15. I remember interviewing football coach Marv Levy once and asking him about retiring. He basically said, “Once you”ve decided to retire, retire. You can’t postpone it until after a season because you’ve made your decision.” I thought about this quote after the Schneider trade because there is no doubt that, mentally, Luongo is gone from Vancouver. He so badly wanted a fresh start. Ultimately, the contract will force him to return, but it would be a mistake to underestimate how much of an adjustment this is going to be. The first thing he’s thinking is, “How many goals will I give up before people start saying, ‘They should have kept Schneider?’” It’s tough to be positive with that on your mind.

Toootally agree with Friedman on this: it would be a mistake to underestimate how much of an (off-ice) adjustment this is going to be. Once you get past thinking about the annoying parts of moving and starting with a new club and you mentally commit to the change, it would be so hard to bring yourself back into full team commitment mode. Not that I think it’ll affect his play that much (which means the ‘Nucks probably don’t care that much), but it has to be a bummer for Lu. It was going to be fresh start, new media members to deal with, new teammates, new experiences…it was supposed to be freeing. Now he’s back in the relationship he thought was over and has to learn to love again.

16. Aquilini visited him on the weekend and Gillis will make a trip, too. If I was them, I would be stressing that, right now, the Canadian Olympic goaltending job is wide open. If he comes back to Vancouver and plays well, he’s got a superb shot at being the guy. That’s a positive. You’ve got to get him thinking about good things.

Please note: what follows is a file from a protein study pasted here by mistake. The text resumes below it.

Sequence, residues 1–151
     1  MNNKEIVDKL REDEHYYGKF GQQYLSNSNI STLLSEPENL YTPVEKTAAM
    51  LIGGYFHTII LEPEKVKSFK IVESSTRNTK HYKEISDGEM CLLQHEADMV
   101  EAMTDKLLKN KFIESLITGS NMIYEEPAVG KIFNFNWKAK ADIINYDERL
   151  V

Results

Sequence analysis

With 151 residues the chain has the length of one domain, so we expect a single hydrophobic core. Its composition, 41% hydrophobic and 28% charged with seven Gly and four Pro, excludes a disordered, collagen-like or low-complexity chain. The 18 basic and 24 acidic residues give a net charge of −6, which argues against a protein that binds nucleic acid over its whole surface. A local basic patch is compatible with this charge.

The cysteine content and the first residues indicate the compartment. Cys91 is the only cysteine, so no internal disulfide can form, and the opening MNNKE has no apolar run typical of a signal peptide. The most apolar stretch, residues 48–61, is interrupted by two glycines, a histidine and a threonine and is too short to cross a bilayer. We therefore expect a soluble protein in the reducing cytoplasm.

That’s a fine idea too, but if Lu is going to be back in Vancouver for the remainder of his career, as it now appears, you have to address what everyone just went through and deal with some of the ticks that may have stuck around, otherwise it just seems like more manipulating. Luongo is a smart guy, and he’ll understand the situation. You can mention the bright spots on the horizon, but in the end I bet he wants to hear “That sucked for all of us, we handled that poorly, we f***ed up, we’re sorry.”

20. I wondered if the Islanders would make a play for Schneider. Hard to see the Canucks doing it without New York’s first-round pick, but there is a belief that Garth Snow was going to trade either Nino Niederreiter or that selection, but not both. Niederreiter, of course, went to the Minnesota Wild for Cal Clutterbuck.

I loved this trade for the Islanders. First off, they got an actual asset – a 25-year old actual NHLer who hits everything (and actually scored 19 goals one year) – for a maybe. Niederreiter definitely has a way higher offensive ceiling, but the relationship had soured in New York, so at least they turned him into something. And secondly, the Isles probably aren’t going to have to pay a ton for a guy (coming off a not-great year) who’s going to make their group of forwards even less fun to play against. Guys like Clutterbuck and Matt Martin are going to make d-men dread going back on pucks against the Isles.

23. Most bizarre story: Can there seriously be an issue between Daniel Alfredsson and the Ottawa Senators? Can you imagine Boston — now in need a right-winger — even being able to bid because this gets to Friday?

I mean, Alfie and the Sens will get it worked out. They just will. Whatever the issue is, they won’t let him go have a couple Mats Sundin years somewhere. And if they would, would Alfie really give them the Bruins gut punch? Would the Bruins even want the long-time Senator? I know teams just want to get better but at some point there still has to be some “no, eff those guys” loyalty stuff going on doesn’t there?

25. Another summer, another season of Bobby Ryan rumours. All I heard at the draft was, “If he gets traded, it’s because you’ll look at the deal and understand why.”

I’m sure Bobby Ryan loves living in Anaheim and all that, but I’m so sick of hearing his names in these rumours I can’t imagine where he’s at. At some point you’d think the guy would be like (NSFW)…

…because I am sick of this goddamn uncertainty.

28. According to a source, Tim Thomas ordered new equipment about two months ago.

Ermagerrrd Timmay’s coming baaaaaaack!